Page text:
Apple CEO Tim Cook on China Censors’ VPN Ban: ‘We Believe in Engaging With Governments Even When We Disagree’

Cook says Apple’s much-criticized decision is in the best interests of the Chinese people

Apple chief executive Tim Cook says his decision to remove VPN apps from the App Store in China — to the delight of Chinese censors — is an attempt to stay engaged with the country and is in “the best interest” of Chinese citizens.

Cook has been criticized for removing the VPN apps, which critics of the Chinese government use to conceal themselves from oppressive censors and speak more freely. VPN apps are also used in China to access restricted content, including news stories, pornography, and social media sites like Facebook.

Cook said on the company’s third-quarter earnings calls Tuesday that “we follow the law wherever we do business.”

“The central government in China back in 2015 started tightening the regulations associated with VPN apps. We have a number of those on our store. Essentially, as a requirement for someone to operate a VPN they have to have a license from the government there. Earlier this year, they began a renewed effort to enforce that policy. We were required by the government to remove some of the VPN apps from the app store that don’t meet these new regulations,” said Cook on the call.

“We would obviously rather not remove the apps, but like we do in other countries we follow the law wherever we do business,” he added.

Some have seen a potential opportunity for Apple if it had threatened to pull its business from China over the sanctions.

“It may actually be a better business decision for [Apple] to have held the line and shown the moral high ground for the rest of the world, which are the buyers of most of their iPhones,” said Stuart Madnick, Professor of Information Technologies at MIT Sloan School of Management, in an interview with TheWrap.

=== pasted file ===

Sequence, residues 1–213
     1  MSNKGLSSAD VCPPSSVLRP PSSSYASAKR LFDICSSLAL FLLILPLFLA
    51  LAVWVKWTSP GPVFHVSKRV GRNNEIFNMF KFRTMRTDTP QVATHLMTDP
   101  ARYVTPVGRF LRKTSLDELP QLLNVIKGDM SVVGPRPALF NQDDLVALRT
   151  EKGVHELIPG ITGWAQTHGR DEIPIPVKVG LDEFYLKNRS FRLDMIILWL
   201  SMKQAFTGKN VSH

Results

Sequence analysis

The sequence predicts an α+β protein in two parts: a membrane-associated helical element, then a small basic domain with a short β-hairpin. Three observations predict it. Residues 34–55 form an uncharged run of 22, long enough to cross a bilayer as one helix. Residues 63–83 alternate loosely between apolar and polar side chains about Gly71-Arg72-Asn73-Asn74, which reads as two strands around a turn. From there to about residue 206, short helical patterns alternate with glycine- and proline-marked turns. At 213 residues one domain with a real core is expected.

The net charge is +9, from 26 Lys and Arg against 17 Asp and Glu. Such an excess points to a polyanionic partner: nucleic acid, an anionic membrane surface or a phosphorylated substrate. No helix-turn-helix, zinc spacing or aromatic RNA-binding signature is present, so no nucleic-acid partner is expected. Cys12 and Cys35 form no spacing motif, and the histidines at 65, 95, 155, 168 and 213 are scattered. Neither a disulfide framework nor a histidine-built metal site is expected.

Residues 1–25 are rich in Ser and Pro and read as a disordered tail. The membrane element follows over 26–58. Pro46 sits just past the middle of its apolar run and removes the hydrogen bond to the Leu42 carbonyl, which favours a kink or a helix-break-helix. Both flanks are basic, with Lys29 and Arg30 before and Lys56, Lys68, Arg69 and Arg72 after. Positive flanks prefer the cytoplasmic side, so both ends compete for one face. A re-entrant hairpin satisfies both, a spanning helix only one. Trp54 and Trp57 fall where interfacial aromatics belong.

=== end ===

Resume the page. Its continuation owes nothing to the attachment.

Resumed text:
Such a maneuver would have massive economic repercussions on the world’s largest tech company. Apple sold about 45 million phones in China last year, while its market share dipped from 13.6 percent to below 10 percent. But Cook said the best move for Chinese consumers is to stay in the market.

“We strongly believe participating in markets and bringing benefits to customers is in the best interest of the folks there and in other countries as well,” Cook said.

“We believe in engaging with governments even when we disagree,” he continued. “This particular case, we’re hopeful that over time the restrictions we’re seeing are lessened, because innovation really requires freedom to collaborate and communicate. I know that is a major focus there. That’s sort of what we’re seeing from that point of view.”

Apple beat earnings expectations, and its stock hit an all-time high after hours.